Skip to main content

The Virginia Return: could this have been anticipated?

The announcement of the return of antiquities from the University of Virginia Art Museum in Charlottesville could perhaps have been expected.

Back in June Elisabetta Povoledo ("Antiquities Trial Fixes on Collectors’ Role", New York Times, June 9, 2007) reported that as part of the True / Hecht trial in Rome:
"the prosecutors have clearly adopted a strategy of calling attention to collectors, especially well-heeled Americans, with the implicit message that every player in the global antiquities trade is within their sights."
So who are the North American collectors? Four examples were cited:
"the Texas oilmen Nelson Bunker Hunt and William Herbert Hunt (who sold their artifacts at auction in 1990 after their fortunes collapsed); the New York diamond merchant Maurice Tempelsman; the art philanthropist Lawrence Fleischman and his wife, Barbara; and the financier Leon Levy and his wife, Shelby White."
Barbara Fleischman responded to the claim in the NYT:
“It seems like anyone can accuse anyone of anything without any proof. We collected for the pure joy of the object.”
Povoledo continued that Fleischman "said that she and her husband, who died in 1997, never suspected that they might be buying anything less than legitimate."

But it looks as if there was proof. The appearance of Fleischman material in the Geneva Polaroids is likely to be part of the evidence. In any case the 40 antiquities about to be returned from the Getty to Italy include 13 antiquities formerly owned by the Fleischmans.

Former Tempelsman material is also in the list of antiquities to be returned from the Getty. Is the Virginia return an extension of that line of enquiry?

And where does it leave Shelby White?

Comments

Don Thieme said…
Reading between the lines, it seems like Virginia has always planned for the Acroliths to be returned to Sicily. It makes sense for a museum to be involved in repatriating artifacts held in private collections, although many art museums do also have more suspect relationships with private collectors. The University of Virginia is not the only academic institution with these sorts of issues. I know, for example, that the Michael C. Carlos Museum at Emory University is full of artifacts on loan from private collectors.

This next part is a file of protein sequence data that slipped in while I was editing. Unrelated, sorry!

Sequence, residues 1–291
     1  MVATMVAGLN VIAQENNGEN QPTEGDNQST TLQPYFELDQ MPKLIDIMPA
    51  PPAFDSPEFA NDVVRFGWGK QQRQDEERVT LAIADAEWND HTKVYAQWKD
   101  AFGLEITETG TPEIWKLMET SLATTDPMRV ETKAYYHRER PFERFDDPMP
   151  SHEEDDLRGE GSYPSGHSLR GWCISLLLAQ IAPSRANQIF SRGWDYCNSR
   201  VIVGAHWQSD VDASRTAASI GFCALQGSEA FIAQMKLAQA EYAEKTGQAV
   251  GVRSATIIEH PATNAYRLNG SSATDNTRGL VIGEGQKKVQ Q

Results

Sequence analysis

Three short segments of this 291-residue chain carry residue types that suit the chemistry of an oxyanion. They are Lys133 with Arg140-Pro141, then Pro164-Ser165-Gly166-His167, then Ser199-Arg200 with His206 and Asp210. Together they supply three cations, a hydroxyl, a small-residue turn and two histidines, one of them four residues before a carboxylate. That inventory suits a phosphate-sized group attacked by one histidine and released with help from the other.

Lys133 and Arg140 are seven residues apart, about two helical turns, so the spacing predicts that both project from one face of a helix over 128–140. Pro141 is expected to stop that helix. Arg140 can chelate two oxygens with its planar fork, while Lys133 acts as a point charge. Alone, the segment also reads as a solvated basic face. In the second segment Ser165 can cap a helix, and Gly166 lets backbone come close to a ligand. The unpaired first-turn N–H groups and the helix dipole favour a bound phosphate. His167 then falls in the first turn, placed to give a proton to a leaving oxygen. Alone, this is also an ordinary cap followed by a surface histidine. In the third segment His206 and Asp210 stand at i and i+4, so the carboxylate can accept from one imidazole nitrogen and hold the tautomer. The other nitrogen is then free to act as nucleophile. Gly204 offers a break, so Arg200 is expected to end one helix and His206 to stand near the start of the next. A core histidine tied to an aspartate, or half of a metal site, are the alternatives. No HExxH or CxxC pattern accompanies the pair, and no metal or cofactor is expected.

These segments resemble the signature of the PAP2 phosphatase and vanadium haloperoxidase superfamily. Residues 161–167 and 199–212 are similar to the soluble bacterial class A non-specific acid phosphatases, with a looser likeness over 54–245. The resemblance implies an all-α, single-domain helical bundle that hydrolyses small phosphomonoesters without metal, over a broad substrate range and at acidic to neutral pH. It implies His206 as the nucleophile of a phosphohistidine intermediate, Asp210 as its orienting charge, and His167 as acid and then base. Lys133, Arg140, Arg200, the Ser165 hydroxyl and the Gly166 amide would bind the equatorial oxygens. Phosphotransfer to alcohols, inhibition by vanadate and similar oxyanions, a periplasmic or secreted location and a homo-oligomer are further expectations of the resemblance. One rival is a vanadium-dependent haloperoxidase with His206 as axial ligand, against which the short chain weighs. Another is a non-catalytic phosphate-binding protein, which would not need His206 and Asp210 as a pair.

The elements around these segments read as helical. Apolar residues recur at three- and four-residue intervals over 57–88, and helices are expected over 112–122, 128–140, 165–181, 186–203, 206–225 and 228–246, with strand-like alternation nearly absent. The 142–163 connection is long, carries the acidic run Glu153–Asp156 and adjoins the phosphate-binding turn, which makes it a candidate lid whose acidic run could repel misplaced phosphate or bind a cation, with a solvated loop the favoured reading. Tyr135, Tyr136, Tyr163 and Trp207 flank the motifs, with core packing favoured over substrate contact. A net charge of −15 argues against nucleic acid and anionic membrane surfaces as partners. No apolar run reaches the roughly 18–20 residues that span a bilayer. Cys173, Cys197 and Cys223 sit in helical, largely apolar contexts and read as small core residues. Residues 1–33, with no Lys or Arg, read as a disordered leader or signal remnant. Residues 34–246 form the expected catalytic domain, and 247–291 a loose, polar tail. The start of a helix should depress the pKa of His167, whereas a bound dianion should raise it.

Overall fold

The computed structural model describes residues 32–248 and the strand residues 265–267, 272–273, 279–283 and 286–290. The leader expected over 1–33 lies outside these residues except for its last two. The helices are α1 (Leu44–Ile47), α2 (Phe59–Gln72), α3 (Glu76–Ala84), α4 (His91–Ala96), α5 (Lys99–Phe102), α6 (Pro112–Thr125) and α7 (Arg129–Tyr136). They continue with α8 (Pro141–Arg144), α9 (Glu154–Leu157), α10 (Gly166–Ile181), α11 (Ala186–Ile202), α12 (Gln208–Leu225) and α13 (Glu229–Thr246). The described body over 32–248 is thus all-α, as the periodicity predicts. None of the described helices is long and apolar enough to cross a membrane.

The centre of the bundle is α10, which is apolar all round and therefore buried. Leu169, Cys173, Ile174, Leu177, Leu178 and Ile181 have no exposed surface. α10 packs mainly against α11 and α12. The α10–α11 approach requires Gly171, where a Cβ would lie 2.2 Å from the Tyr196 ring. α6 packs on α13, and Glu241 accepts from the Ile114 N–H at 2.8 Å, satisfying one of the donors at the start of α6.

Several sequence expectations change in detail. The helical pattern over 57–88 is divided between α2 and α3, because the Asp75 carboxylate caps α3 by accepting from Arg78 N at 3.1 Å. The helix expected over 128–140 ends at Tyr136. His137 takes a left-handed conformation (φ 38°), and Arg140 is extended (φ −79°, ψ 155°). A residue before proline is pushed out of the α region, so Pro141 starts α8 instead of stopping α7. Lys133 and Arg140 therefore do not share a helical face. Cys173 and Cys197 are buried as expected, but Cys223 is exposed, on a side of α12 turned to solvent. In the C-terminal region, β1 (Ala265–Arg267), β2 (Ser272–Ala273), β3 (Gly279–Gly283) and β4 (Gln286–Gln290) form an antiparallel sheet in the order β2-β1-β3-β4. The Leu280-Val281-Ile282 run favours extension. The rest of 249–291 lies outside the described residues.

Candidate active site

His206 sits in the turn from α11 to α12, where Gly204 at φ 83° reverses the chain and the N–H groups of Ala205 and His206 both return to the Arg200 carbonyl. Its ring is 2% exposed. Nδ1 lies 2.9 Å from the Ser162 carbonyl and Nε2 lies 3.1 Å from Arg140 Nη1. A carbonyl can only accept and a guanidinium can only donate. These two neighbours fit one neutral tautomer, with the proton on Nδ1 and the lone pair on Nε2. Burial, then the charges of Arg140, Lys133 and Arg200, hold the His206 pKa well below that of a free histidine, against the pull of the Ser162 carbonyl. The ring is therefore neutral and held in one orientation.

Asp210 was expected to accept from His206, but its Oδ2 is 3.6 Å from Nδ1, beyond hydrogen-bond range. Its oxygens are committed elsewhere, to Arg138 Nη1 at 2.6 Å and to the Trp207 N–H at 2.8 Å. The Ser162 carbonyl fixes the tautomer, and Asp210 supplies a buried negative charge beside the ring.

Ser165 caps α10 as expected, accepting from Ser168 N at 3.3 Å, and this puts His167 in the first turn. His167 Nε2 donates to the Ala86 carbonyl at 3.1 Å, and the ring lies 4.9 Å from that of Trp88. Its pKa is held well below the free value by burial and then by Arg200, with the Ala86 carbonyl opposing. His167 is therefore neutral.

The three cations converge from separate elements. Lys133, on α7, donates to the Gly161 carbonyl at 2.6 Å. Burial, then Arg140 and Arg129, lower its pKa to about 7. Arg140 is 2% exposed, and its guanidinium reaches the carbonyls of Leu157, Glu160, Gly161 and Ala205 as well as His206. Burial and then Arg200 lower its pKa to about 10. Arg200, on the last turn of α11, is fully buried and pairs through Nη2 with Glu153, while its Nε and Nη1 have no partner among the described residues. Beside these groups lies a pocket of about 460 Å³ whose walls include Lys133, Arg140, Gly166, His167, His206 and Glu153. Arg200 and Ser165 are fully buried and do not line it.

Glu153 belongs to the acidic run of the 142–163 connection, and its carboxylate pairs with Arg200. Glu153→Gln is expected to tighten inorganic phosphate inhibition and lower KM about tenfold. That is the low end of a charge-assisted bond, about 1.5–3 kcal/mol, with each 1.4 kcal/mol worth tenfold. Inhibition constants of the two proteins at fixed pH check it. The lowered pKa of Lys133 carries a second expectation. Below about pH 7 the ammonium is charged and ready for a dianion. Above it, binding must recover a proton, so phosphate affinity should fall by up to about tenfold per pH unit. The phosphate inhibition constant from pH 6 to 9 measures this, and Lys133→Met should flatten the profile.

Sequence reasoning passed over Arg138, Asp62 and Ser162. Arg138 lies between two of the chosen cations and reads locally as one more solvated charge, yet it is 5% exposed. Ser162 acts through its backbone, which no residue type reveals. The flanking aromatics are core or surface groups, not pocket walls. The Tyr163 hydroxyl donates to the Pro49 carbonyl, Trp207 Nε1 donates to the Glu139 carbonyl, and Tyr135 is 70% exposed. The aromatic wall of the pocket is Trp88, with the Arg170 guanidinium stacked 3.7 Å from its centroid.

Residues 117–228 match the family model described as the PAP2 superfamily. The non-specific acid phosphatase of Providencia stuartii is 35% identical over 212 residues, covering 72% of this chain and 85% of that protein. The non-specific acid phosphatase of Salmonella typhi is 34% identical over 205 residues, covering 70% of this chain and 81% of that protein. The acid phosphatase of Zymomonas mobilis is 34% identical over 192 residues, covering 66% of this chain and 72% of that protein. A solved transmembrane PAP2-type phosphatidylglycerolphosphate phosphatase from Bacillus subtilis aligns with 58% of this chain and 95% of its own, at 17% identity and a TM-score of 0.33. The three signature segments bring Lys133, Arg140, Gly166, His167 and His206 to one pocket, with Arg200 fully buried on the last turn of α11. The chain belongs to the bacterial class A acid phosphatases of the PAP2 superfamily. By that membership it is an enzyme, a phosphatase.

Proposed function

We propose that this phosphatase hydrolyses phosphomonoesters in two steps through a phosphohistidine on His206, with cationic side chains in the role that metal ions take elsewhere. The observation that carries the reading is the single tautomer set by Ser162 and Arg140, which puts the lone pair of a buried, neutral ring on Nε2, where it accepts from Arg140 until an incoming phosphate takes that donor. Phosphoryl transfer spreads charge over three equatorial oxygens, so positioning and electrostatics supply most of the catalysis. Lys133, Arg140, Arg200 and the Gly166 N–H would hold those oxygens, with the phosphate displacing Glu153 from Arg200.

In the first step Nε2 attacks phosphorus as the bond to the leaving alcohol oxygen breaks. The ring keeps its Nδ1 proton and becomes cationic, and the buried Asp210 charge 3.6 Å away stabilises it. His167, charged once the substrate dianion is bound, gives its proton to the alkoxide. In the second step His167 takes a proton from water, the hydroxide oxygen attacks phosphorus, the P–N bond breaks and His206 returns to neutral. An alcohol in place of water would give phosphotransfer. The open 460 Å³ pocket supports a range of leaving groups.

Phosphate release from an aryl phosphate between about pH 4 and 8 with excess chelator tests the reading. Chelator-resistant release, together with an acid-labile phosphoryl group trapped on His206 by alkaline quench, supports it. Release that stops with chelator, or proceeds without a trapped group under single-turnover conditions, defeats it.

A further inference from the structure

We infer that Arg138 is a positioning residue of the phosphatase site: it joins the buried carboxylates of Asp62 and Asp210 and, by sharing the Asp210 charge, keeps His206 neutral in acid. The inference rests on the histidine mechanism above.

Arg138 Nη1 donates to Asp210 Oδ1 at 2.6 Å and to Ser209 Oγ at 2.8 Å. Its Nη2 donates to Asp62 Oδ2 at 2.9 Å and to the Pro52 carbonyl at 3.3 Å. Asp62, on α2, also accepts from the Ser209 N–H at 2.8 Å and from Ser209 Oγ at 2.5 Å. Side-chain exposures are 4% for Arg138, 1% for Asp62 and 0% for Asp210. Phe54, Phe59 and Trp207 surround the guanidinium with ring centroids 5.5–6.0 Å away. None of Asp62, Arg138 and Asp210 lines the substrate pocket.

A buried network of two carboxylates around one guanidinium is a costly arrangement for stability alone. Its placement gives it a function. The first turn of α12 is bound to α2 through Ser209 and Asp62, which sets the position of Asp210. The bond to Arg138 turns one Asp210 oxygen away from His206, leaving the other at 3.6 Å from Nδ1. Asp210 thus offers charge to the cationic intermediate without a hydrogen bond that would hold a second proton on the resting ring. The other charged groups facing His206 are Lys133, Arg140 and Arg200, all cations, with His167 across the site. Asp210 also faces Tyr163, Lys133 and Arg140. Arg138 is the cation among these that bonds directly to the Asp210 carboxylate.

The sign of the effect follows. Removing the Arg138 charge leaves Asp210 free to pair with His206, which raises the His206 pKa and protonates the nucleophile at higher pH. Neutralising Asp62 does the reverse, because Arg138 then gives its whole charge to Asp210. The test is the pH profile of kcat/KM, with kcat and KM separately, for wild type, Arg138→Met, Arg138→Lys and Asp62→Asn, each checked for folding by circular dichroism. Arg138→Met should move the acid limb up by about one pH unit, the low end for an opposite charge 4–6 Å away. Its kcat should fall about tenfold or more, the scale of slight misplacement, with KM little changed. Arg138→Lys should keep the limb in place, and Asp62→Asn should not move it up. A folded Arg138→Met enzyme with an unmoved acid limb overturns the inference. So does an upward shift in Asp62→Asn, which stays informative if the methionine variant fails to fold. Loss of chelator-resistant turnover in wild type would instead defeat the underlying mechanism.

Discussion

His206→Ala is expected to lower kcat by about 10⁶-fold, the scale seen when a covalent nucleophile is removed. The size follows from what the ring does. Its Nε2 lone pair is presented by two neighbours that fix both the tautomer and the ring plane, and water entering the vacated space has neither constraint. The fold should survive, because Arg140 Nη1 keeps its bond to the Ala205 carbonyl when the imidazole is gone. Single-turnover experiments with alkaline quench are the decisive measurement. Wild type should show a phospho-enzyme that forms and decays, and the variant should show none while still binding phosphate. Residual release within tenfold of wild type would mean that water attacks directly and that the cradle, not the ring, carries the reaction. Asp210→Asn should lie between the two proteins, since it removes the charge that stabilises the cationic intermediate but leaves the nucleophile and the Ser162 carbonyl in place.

Love your blog!
David Gill said…
I once praised the Michael C. Carlos Museum for its loan programme - of objects from archaeological collections in the Mediterranean. (I was very struck by the Syracuse exhibition.)

Popular posts from this blog

Marble bull's head from the temple of Eshmun

Excavations at the temple of Eshmun in Lebanon recovered a marble bull's head. It is now suggested that it was this head, apparently first published in 1967, that was placed on loan to New York's Metropolitan Museum of Art (Tom Mashberg, "Met Museum Turns Over Another Relic With Disputed Past to Prosecutors", New York Times August 1, 2017 ). The head is reported to have been handed over to the Manhattan district attorney after a request was received from the Lebanese authorities.

It is suggested that the head may have been looted from an archaeological storage area at Byblos in the 1980s during the Lebanese civil war. Mashberg has rehearsed the recent collecting history:
The owners of the bull’s head, Lynda and William Beierwaltes of Colorado, say they have clear title to the item and have sued Manhattan prosecutors for its return.  The Beierwaltes bought the head from a dealer in London in 1996 for more than $1 million and then sold it to another collector, Michael …

Mithras relief from Tor Cervara

A fragmentary relief of Mithras was discovered in 1964 at Tor Cervara on the outskirts of Rome. It was acquired by the Museo Nazionale Romano.

A further fragment of the relief was acquired by the Badisches Landesmueum in Kalrsruhe in 1976. The source was an unstated Swiss dealer. This fragment has been reunited with the rest of the relief [press release].

Today a further fragment of the relief was reunited with the other pieces. This had been recovered during a raid in Sardinia.

The Toledo skyphos and a Swiss private collection

The Attic red-figured skyphos attributed to the Kleophon painter in the Toledo Museum of Art (inv. 1982.88) is now coming under further scrutiny following the research of Dr Christos Tsirogiannis. The skyphos shows Hephaistos returning to Olympos.

Tsirogiannis has identified what appears to be this skyphos in five photographs in the Medici Dossier. The museum acknowledged that the skyphos had resided in a 'private Swiss collection'. Tsirogiannis suggests that this is probably a reference to Medici.

Enquiries to the museum by Tsirogiannis elicited the information that the skyphos had been acquired from Nicholas Koutoulakis (although that information does not appear on the museum's online catalogue).

The curatorial team at the Toledo Museum of Art will, no doubt, be contacting the Italian authorities to discuss the future residence of the skyphos.

For further discussion of the Toledo Museum of Art on LM see here.

Reference
Tsirogiannis, C. 2017. "Nekyia: Museum ethics an…